July 8, 2012

HOVG Heroes: Memorabilia and the Politics of the Hall of Fame


BO ROSNY on Memorabilia and the Politics of the Hall of Fame

When a retired baseball player is elected to the Hall of Fame, his life changes in many ways. He becomes a member of an exclusive club, is considered a “baseball immortal,” and can even vote for future members. Just as importantly, he sees a major increase in income – you can charge far more for an autograph appearance if you are a member of the Hall of Fame.

Hall of Famers are elected by members of the Baseball Writers Association of America, and their votes have come under more and more scrutiny over the past few years as members often use inconsistent and often biased criteria when choosing who gets to be a Hall of Famer. Examples of this include deciding based on no evidence whatsoever that Jeff Bagwell used steroids, or suddenly deciding that Jim Rice was greatly feared in 2009 despite somehow forgetting that in the years immediately following his career. The controversial choices in recent years by the BBWAA have opened up significant revenue streams for men like Rice, Bruce Sutter and Bert Blyleven that it has denied for men like Bagwell, Lee Smith and Jack Morris.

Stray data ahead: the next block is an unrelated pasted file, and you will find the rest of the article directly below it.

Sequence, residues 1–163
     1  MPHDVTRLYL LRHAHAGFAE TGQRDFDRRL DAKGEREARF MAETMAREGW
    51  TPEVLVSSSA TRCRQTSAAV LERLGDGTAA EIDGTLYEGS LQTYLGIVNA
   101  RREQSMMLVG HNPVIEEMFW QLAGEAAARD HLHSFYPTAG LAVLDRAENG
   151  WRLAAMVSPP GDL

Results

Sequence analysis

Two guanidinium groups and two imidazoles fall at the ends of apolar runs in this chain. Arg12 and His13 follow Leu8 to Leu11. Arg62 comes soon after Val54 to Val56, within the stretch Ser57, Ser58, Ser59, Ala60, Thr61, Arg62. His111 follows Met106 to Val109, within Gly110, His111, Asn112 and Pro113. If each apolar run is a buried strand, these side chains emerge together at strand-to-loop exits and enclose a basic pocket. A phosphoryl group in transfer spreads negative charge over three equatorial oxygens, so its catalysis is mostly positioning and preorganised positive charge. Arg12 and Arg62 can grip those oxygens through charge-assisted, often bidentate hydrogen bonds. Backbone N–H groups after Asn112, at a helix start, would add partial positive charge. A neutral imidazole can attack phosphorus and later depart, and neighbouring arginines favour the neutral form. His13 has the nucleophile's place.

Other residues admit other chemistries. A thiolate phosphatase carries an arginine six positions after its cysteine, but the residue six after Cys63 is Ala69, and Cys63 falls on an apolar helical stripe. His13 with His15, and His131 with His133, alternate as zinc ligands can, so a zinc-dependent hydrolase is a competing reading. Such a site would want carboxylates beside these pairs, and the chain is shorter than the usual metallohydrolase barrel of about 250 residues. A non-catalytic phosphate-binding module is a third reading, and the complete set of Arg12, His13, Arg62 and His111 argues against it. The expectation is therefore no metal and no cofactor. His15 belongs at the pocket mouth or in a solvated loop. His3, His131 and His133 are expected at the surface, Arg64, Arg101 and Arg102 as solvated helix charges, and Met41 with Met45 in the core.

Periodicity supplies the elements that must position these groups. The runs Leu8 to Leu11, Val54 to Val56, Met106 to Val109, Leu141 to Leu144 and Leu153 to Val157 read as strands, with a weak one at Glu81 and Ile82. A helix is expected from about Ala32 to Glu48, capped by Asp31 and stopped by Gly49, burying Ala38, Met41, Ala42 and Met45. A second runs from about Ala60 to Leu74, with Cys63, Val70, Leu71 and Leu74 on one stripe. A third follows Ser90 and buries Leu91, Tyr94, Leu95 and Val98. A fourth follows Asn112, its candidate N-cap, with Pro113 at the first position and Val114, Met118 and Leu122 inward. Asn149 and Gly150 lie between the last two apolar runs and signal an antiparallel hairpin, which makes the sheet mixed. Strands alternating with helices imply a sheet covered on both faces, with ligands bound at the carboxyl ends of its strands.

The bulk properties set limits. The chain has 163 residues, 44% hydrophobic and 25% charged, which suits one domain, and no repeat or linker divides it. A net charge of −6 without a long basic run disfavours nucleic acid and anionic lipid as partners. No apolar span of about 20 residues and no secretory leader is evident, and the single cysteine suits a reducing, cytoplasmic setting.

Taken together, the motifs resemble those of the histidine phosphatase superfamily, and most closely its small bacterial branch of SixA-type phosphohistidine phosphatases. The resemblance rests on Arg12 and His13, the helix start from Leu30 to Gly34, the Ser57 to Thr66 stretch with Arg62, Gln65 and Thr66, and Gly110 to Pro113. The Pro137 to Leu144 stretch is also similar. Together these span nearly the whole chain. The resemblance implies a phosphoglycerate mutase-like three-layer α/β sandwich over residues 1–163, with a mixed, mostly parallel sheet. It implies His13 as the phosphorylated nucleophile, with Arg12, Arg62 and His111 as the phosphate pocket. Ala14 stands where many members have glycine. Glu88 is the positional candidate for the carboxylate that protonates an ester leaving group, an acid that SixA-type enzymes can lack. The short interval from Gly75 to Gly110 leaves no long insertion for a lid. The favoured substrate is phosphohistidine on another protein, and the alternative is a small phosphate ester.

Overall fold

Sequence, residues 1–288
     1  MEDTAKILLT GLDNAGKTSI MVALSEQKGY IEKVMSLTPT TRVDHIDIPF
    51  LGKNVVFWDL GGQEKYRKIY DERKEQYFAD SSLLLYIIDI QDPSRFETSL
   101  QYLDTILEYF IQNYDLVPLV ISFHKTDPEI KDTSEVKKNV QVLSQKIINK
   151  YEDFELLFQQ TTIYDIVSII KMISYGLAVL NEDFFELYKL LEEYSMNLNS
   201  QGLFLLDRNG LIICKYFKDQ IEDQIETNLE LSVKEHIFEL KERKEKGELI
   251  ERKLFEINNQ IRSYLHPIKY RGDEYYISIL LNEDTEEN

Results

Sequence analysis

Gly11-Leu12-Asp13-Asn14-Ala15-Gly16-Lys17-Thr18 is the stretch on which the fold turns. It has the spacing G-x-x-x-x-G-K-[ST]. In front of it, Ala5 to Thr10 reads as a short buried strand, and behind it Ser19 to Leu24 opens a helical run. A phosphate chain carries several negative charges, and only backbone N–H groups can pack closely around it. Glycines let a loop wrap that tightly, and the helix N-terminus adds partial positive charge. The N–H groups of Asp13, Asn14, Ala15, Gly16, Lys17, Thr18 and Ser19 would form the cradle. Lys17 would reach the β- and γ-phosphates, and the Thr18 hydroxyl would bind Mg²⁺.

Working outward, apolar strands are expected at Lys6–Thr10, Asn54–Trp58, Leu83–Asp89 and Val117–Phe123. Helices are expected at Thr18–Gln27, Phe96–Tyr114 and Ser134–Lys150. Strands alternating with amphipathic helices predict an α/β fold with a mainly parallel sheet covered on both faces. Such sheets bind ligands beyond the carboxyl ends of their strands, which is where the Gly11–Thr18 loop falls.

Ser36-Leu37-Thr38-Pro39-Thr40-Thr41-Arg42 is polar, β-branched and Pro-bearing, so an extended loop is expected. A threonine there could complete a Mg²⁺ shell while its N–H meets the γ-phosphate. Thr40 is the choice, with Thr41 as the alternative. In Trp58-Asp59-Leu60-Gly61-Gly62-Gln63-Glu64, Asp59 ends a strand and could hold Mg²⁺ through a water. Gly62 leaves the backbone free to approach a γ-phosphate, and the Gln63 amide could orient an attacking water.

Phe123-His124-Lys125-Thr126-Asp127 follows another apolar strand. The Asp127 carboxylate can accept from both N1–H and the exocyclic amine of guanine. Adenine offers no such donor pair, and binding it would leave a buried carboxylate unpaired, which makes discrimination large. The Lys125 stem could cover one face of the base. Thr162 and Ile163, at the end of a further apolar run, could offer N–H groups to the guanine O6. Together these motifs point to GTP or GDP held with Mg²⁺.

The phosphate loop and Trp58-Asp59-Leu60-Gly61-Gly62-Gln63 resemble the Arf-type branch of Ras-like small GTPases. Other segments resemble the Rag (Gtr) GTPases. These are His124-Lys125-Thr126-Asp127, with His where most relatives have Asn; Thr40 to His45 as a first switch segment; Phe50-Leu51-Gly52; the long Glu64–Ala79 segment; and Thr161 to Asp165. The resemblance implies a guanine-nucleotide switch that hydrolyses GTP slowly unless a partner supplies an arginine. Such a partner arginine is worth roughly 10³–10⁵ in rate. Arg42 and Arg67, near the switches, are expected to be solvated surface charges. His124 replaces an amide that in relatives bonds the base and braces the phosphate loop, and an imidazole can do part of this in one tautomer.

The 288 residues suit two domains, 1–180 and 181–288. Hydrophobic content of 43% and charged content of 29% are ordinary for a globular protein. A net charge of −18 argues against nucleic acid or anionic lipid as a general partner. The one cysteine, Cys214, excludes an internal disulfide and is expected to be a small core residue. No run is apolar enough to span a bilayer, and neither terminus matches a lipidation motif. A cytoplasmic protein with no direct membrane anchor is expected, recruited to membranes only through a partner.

A player’s election to the Hall of Fame doesn’t just impact that player’s personal revenue stream. There are many collectors who only collect Hall of Fame memorabilia. For example, there are many people who try to collect a signed baseball from each Hall of Famer. (Collectors like these are part of why Hall of Famers can charge a premium for their autograph.) There are also many collectors who specialize in rookie cards of Hall of Famers, driving up the value of those cards.

This topic got me to thinking about the correlation between the value of a player’s rookie card and whether or not they were a Hall of Fame-caliber ballplayer. I thought it would be interesting to take a look at the value of a player’s rookie card before they went into the Hall of Fame, and compare it to the rookie card values of players who did not make the Hall of Fame.